Can I customise UAC?

I had some interesting questions today from customers about the level of customization an IT guy can do regarding which areas of functionality are protected by UAC.  I.e. if I don't want the Firewall protected by UAC can I change a setting in Group Policy?  The answer is unfortunately no, you can't customize the individual bits of functionality protected by UAC.

I guess the reason for this is that we've done some pretty extensive user testing, beta feedback analysis and security threat modeling and found the right amount of features that require protection and those that don't.  I guess what I'm saying is "trust us - we've done it right", which judging from customer and user feedback was the right thing to do - it works well and we've struck a good balance that allows the user to carry out their day to day tasks free from UAC interruption whilst maintaining security on important areas like firewall et al.

There are however some settings in Group Policy that enable to tweak your UAC experience:

1) User Account Control: Behavior of the elevation prompt for administrators
2) User Account Control: Behavior of the elevation prompt for standard users
3) User Account Control: Elevate on application installs
4) User Account Control: Run all users, including administrators, as standard users
5) User Account Control: Validate signatures of executables that require elevation
6) User Account Control: Virtualize file and registry write failures to per-user locations

These are described in great detail on the UAC Team blog over here, so I won't try and paraphrase I'll just recommend you take a look.

Other things I would read are the TechNet resources on UAC: Understanding and Configuring User Account Control in Windows Vista

Comments (4)

  1. Anonymous says:

    James gave me some hassle the other day for not referencing his blog (which is a valid thing to do),

  2. james says:

    Hi Cyber,

    Thanks for you comment.  UAC is primarily there to protect against apps that are writing to places on disk or accessing resources they shouldn’t be doing.  Take your autocad or fishbowl apps, I think you’ll agree that you shouldn’t need to be an admin to
    use these applications, so ask why are they triggering UAC consent boxes?  They’re not playing with Windows in the right way.  We’ve done a lot to accomodate these kinds of apps like Virtualized Registry and Folders but there are some things that we cannot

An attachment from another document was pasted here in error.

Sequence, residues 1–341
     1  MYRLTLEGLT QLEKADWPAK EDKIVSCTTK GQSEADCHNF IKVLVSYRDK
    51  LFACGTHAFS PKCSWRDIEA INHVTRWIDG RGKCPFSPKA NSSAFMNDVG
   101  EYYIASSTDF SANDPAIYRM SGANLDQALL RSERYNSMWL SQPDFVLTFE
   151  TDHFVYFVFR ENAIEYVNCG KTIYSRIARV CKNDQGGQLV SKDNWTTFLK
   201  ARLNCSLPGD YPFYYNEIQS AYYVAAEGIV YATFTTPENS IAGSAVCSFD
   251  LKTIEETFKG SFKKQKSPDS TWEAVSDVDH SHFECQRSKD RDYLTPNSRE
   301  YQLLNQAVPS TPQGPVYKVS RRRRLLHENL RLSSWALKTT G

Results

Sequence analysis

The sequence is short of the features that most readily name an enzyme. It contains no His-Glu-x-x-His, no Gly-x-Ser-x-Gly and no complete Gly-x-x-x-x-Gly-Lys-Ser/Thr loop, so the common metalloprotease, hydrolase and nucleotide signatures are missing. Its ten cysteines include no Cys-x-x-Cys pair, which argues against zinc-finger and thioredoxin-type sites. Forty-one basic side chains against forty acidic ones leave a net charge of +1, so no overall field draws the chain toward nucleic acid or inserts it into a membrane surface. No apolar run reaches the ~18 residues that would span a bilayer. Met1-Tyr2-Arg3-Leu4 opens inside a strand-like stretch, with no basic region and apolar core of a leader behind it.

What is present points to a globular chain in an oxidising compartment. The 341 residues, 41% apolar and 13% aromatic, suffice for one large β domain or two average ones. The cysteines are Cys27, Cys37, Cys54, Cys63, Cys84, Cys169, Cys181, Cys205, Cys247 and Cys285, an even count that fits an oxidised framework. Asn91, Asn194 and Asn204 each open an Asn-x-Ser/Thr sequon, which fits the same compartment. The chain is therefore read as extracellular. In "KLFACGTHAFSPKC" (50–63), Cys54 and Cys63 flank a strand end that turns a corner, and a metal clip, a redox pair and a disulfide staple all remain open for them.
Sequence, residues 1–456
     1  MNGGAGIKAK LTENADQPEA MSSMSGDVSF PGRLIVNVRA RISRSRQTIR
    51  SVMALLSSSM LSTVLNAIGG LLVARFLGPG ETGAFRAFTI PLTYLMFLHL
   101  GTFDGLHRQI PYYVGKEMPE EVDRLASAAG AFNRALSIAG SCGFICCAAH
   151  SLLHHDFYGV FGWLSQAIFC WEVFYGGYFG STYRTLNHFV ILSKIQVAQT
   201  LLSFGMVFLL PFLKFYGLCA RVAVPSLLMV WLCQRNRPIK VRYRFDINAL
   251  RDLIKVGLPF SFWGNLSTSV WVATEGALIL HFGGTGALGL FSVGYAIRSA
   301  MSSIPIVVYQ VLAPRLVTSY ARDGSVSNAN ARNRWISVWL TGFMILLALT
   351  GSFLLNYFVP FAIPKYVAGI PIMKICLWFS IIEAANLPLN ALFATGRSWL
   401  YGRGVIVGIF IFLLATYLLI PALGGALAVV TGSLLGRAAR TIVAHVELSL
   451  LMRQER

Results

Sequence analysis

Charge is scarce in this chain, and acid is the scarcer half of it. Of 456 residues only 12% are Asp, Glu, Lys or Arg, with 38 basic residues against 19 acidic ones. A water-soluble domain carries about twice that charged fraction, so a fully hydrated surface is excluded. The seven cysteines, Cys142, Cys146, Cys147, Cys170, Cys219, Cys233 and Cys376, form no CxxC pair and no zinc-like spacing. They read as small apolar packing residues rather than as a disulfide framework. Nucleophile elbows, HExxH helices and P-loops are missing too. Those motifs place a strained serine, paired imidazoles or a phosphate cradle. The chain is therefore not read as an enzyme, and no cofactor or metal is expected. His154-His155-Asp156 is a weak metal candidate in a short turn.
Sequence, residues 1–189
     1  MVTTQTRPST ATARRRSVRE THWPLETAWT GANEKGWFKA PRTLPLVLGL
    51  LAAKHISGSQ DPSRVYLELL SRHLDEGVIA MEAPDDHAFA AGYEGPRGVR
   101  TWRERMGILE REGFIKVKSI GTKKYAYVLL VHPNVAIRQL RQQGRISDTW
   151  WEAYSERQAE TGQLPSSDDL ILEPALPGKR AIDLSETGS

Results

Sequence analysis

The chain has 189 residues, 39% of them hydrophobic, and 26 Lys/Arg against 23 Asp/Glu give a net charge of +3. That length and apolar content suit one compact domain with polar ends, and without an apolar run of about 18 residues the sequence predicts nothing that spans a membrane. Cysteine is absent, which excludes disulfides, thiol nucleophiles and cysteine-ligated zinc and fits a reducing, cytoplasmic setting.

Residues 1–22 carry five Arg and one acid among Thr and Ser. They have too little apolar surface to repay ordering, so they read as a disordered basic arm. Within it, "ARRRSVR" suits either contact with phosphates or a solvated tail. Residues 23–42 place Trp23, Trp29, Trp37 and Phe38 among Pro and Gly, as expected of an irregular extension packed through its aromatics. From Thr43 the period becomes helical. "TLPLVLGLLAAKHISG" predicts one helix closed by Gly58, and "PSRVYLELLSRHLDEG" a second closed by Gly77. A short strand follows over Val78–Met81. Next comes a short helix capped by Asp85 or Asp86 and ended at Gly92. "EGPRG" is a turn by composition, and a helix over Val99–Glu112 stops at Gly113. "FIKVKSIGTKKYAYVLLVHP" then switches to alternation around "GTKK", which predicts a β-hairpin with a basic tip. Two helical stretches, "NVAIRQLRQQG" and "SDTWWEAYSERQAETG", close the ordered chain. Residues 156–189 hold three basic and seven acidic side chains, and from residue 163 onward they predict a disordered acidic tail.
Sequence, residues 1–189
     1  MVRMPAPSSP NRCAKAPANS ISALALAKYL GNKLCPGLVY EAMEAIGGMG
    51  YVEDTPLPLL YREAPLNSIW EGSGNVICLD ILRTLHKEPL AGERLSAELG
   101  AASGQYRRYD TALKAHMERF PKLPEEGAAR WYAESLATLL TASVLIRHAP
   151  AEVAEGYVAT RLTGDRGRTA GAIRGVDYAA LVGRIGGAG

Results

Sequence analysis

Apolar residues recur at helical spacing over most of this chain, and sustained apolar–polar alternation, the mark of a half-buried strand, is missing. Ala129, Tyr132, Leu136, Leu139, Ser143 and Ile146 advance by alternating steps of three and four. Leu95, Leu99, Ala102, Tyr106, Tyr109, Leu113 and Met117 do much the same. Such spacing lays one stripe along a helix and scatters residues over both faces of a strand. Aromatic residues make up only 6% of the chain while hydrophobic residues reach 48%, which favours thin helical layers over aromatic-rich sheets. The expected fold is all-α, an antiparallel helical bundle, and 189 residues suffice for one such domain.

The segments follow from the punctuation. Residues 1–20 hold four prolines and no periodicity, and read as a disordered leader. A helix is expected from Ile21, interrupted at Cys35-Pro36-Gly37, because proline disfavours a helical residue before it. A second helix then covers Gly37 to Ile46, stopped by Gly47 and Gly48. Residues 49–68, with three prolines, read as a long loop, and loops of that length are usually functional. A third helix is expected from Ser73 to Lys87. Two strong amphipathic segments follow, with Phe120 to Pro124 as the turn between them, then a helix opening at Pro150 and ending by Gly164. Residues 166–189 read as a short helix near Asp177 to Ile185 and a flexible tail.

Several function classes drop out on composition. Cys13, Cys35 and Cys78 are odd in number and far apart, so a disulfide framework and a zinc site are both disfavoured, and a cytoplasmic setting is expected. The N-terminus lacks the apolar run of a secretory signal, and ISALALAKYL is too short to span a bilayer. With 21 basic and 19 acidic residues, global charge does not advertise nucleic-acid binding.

Check out this page for resources on how apps *should* be built:  Of particular interest to software developers is the standard
    user account analyser tool and how to build UAC compliant apps here:

    I think at the end of the day it’s about compromise and we won’t compromise on security any more at Microsoft.  

    Your webinar example seems like an interesting example thought and I’d like to dicuss that offline with you… could you email me with more details?



  3. While I’ll generally agree that UAC works pretty well, there are a few areas in which improvements may be in order.

    For example, the creation of a new folder in a restricted location and emptying the Recycle Bin of certain protected files.

    In the first instance, the creation of a new folder (with something other than a "New Folder" name) requires no less than 4 mouse clicks (two sets of UAC prompts), one set for the folder creation and yet another for the folder rename operation.

    On rare occasions, emptying the Recycle Bin of certain files generates a UAC prompt. Seems akin to your garbage man ringing your doorbell and asking your permission to throw away one of your items of trash. 🙂

  4. Cyber says:

    I have to disagree significantly with this post. While the UAC presents a much needed change to keeping users hands out of the O/S and making my life easier, it has thusfar not done so, and Microsoft is part of that reason. A prime example are the ActiveX control settings in IE7. While our users are attempting a Webinar with clients present, the ActiveX pops up and now they need it gone immediately leaves me with no choice but to give them the passwords and then remote in and change it. Other factors, such as software which requires certain permission levels to operate (such as Autocad, Fishbowl and other LOB’s), now require me to make the user an admin, or I get to be at their side 8 hours a day watching over them for every prompt.

    As I said, the UAC is awesome in its initial form. What’s missing? The UAC’s customization based on software/security permissions. And, it should not take Microsoft a lot to modify this. The UAC does not have to be completely re-written, but it can be adapted to work closely with the other built-in options. For instance, if it was designed to use the exception list available in Windows Firewall, or apply its security settings based on the Windows Trusted zone and not pop up when an internal network ActiveX control request pops up.

    I am amongst the first to congratulate Microsoft and the whole team for a great job on Vista. I can spend a year tearing it apart, but all things considered – I’ve spent my time breaking and fixing and am already implementing it across entire networks for our clients. However, the UAC is one area where Microsoft needs to not toot its own horn, but look at the fact there are areas outside of the single ‘focus group’ that should be given consideration. Keep the UAC as it is for those who like it – but don’t destroy an administrator’s ability to customize, lest you take away the tools they need to do their job right.

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